Knowing the signs of asbestos and how to properly manage abatement is absolutely vital. Like many other environmental toxins in the home, avoiding exposure is the only way to prevent developing illnesses caused by them. Untouched and undamaged asbestos poses little risk to your health, but once it’s broken or disturbed the invisible fibers become airborne, posing a serious health risk if they’re ingested or inhaled. Asbestos-related diseases are extremely dangerous since it may take anywhere from 10-50 years for symptoms to present and are often misdiagnosed, leading to tragically poor prognoses and often limited, aggressive treatment options.
My life and my family were permanently altered due to my diagnosis of malignant pleural mesothelioma in November 2005. After a life-saving surgery the following February, I’m blessed and overwhelmed to say I’m still here. I may have lost my left lung to surgery and lost the life I thought I’d have, but I’ve gotten to be with my husband to watch our beautiful daughter, Lily, grow up. The strength of my family, along with my excellent medical care and support, is what got me through treatment.
I’m now an 11-year survivor of mesothelioma who advocates for those affected by asbestos-related diseases. It’s my mission and passion in life to spread awareness and support the mesothelioma community and those affected by cancer. I work alongside the mesothelioma community and other advocates to educate others about the dangers of asbestos and the devastating effects of mesothelioma with the goal that no family should have to experience what mine has.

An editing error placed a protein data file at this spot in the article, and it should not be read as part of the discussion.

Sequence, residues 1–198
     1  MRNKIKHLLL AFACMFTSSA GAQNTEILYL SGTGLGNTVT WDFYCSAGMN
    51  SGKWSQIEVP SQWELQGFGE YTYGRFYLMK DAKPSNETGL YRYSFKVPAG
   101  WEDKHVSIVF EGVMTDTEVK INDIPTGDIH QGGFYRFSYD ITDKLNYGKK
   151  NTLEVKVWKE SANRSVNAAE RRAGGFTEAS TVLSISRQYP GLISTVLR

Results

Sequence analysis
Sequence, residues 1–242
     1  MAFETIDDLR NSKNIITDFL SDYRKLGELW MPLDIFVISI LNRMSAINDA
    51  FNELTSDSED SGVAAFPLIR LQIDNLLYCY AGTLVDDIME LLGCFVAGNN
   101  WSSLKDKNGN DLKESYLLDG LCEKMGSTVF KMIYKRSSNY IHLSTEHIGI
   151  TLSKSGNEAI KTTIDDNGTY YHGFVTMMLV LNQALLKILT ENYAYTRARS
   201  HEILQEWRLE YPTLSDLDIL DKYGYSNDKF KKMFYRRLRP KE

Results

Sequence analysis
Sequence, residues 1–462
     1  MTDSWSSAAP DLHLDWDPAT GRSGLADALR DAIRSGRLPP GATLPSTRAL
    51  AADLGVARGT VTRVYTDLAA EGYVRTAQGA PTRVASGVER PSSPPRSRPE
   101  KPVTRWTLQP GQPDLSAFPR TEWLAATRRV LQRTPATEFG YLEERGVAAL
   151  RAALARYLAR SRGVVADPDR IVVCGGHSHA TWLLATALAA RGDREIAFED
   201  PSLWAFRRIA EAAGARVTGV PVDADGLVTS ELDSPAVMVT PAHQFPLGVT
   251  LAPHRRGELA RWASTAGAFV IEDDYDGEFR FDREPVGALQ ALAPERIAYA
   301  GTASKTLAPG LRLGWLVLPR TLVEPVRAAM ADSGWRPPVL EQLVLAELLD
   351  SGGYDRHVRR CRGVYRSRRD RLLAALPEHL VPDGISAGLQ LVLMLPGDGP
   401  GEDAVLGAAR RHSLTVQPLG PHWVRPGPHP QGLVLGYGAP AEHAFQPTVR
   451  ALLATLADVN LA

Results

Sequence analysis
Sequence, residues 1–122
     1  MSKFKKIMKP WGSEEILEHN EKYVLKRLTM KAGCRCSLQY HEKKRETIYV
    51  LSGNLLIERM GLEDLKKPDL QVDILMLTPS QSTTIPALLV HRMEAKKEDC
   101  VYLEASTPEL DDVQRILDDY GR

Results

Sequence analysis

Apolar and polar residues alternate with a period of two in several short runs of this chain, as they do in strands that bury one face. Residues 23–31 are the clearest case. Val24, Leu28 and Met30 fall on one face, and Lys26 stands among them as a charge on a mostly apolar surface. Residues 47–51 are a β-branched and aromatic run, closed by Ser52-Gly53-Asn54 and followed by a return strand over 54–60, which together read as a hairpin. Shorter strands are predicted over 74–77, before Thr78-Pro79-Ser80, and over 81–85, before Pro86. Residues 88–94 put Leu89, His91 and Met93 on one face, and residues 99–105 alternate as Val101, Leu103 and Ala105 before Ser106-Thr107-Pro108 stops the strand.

Awareness is more important now than ever. Asbestos is still actively being imported into the U.S., and is still used in several items like automotive brake parts and construction applications. The toxic substance was even found in imported children’s toys as recently as 2015. No amount of exposure is safe and it’s unconscionable that the U.S. remains one of the few developed nations yet to fully ban asbestos, knowing, without a doubt, the devastation it causes.
In late 2016, Congress passed the Frank R. Lautenberg Chemical Safety for the 21st Century Act. This legislation finally imparted the Environmental Protection Agency (EPA) with the much needed authority to regulate dangerous substances and known carcinogens to keep Americans healthy. Asbestos was included on the agency’s first list of 10 substances to investigate and potentially ban in the U.S., which is an important and long overdue step toward finally banning asbestos.
However, with the new administration settling in, this ban is frustratingly up in the air. Last year, Canada’s government enacted legislation to ban asbestos by 2018. The United States cannot continue failing its citizens by remaining one of the few developed nations without a full ban.
Taking action to educate yourself on the environmental toxins in our lives is absolutely vital to safeguard the health of our homes and families. It goes beyond making sure we finally take steps to ban asbestos, clean up lead from homes and at Superfund sites. Our air, water and environmental health are at stake, and each one is tied to our overall well-being.
Take a moment to educate yourself about commonly found dangers around the home and pass the information along to your friends and loved ones.
Do environmental toxins like asbestos concern you?
Heather Von St. James is a 11-year mesothelioma survivor who now advocates for those affected by mesothelioma. She focuses on raising awareness of this rare cancer, educating on the dangers of asbestos and works to see it banned in the United States. She blogs for the Mesothelioma Cancer Alliance and can be found on Twitter and Facebook.